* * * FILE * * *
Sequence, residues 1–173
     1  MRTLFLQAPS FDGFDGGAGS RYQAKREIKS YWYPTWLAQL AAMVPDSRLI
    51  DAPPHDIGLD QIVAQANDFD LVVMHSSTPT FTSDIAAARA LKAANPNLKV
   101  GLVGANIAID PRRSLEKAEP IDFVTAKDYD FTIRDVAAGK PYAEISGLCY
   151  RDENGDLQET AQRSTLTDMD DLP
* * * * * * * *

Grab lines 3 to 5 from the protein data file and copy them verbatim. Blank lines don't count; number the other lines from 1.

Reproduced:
    51  DAPPHDIGLD QIVAQANDFD LVVMHSSTPT FTSDIAAARA LKAANPNLKV
   101  GLVGANIAID PRRSLEKAEP IDFVTAKDYD FTIRDVAAGK PYAEISGLCY
   151  RDENGDLQET AQRSTLTDMD DLP